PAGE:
Essay on Holi: India is a country that exemplifies the confluence of faiths, diversity, and cultural celebrations that we refer to as “festivals”. Holi is one such Hindu festival, celebrated with colors that represent the power of love and the triumph of good over evil, according to Hindu mythology.
500 Words Essay On Holi
Holi is a colorful celebration that we can enjoy with our loved ones. It is one of our country’s most important events, held every year in March. Children, adults, and even the elderly join in the Holi celebrations and preparations for three days, beginning on the full moon day. Holi is a Hindu festival in which people of all faiths exchange sweets, gujiya, and thandai, as well as splash colors on one another. During the holidays, children also use water cannons and water balloons.
This is a time for us to spread joy and love with our friends and family. During Holi, people should remember to use natural colors instead of synthetic or chemical-based colors to keep themselves and their guests healthy and safe.
History of Holi
It used to be called Holika traditionally. The first day would begin with the full moon, while the second would begin with the new moon. As a result, Holika’s full moon festival evolved into a celebration of the arrival of spring. Vasanta-Mahotsava and Kama-Mahotsav are two other names for the Holi festival. Carvings on the walls of historic temples also provide a look into the celebration historically.
Numerous artworks and sculptures in medieval Indian temples depict Holi. It was also honored by Hindus and Muslims, according to the great Muslim traveler Ulbaruni’s historical record. Holi’s literal meaning is “to burn”. Numerous stories can be used to explain the definition of the word.
According to the Bhagavata Purana, Holi is a Hindu festival commemorating Lord Vishnu’s victory over the monster Holika. This story of Hiranyakashyap, an Asura who wanted everybody in his realm to worship him, is the most renowned narrative. Holika was Hiranyakashyap’s sister. He believed he was immortal and unbeatable. He believed he was God and demanded that everyone worship him. But he had a son Prahlad, who did not worship his father as a god. On the other hand, he worshipped Lord Vishnu.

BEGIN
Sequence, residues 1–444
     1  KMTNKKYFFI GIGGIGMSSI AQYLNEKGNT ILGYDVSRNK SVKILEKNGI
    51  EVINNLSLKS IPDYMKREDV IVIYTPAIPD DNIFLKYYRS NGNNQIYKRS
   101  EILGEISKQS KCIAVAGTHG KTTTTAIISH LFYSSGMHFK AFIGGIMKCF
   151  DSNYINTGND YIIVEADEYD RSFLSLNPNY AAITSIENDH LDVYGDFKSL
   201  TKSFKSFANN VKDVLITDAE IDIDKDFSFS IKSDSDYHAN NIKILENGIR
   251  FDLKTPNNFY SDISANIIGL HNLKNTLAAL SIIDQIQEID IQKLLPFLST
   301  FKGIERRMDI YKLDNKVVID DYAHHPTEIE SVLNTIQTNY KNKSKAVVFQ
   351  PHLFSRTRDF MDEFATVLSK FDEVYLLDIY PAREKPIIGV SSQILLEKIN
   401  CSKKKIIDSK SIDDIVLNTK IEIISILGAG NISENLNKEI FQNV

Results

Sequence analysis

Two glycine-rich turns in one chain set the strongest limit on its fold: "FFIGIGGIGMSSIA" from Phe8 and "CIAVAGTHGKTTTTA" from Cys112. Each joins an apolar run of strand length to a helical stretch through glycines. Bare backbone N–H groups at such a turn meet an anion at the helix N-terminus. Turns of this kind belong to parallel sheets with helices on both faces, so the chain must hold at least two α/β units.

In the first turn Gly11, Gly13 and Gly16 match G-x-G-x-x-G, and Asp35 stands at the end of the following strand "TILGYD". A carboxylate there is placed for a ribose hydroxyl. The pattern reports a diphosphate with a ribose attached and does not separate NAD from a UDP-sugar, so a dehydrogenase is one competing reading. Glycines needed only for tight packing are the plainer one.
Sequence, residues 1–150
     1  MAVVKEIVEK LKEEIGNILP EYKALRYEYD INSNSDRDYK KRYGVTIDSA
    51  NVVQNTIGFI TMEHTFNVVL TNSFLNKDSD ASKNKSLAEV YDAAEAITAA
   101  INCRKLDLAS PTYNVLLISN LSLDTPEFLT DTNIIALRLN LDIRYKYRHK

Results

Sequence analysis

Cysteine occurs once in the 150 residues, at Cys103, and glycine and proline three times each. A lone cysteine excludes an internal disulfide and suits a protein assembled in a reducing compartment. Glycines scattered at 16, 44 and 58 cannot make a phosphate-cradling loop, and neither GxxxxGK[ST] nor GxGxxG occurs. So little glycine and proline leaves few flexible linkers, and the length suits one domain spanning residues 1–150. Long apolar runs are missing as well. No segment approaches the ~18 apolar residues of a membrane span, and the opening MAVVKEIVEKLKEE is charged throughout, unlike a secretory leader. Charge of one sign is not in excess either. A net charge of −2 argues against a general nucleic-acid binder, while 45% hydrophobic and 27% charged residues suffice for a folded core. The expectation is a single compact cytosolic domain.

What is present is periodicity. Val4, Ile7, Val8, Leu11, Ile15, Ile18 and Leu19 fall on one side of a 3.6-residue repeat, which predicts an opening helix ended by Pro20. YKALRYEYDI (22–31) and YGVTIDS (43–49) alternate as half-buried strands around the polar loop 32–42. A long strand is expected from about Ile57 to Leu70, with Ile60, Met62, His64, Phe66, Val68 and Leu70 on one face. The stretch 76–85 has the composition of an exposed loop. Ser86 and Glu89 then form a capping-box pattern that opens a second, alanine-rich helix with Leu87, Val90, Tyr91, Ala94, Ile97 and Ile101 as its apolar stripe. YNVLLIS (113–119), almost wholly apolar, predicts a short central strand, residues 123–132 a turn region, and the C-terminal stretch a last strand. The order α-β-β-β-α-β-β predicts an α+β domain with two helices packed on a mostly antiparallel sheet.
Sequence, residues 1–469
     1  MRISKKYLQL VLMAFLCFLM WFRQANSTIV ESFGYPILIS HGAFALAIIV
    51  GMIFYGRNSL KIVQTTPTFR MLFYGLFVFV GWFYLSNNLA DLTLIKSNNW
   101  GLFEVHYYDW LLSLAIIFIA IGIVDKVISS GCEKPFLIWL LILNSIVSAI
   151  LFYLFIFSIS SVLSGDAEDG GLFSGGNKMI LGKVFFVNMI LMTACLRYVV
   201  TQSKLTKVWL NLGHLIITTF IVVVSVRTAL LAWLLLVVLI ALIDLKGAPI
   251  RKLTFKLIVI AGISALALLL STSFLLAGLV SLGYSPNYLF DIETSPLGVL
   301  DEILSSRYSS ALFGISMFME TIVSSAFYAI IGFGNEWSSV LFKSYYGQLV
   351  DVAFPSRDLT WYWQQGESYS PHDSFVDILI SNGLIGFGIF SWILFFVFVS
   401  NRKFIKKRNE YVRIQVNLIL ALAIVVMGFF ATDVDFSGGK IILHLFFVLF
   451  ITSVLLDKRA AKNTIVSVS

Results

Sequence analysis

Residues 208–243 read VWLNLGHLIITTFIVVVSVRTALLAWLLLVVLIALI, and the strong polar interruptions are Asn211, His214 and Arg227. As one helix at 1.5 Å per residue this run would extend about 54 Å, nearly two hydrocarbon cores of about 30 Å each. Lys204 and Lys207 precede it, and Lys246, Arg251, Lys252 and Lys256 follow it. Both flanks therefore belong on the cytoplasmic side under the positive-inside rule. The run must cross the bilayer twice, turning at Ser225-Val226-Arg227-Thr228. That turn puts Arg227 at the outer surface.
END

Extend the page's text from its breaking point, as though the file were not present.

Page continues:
In order to punish his son, Hiranyakashyap tried many times to kill him. But his plans were always foiled by Vishnu, who protected Prahlad. Finally, he came up with a plan to kill Prahlad, where he asked his sister to hold him and step into the fire. Holika possessed a boon that granted her the ability to remain unscathed from the fire. But, unbeknownst to her, the boon only worked when she was alone. So, this treacherous plan ended with her death, whereas Prahlad was saved by his utter devotion to Lord Vishnu.
Lord Vishnu then appeared in the form of his Narsingh avatar and killed Hiranyakashyap with his claws. In this way, he freed the people from the demon Holika and the demon Hiranyakashyap. They marked the occasion by smearing Holika’s ash all over each other. This is what has eventually led to the enjoyment of this festival with vibrant colors to celebrate the triumph of Vishnu’s victory over Holika and Hiranyakashyap.
Rituals on Holi
Holi is a widely celebrated event in India and Nepal. It is celebrated over three days, with Holi Purnama (full moon day) being the first. Puno’s second day, or Choti Holi. Parva, or Holi Day, is the third day of the festival. People wear white clothing and congregate on playgrounds and communal spaces on this day. For this festival, people use natural colors and play with painting guns. They drink the sweet lassi and enjoy various khoya, mawa, and pistachio-based delicacies.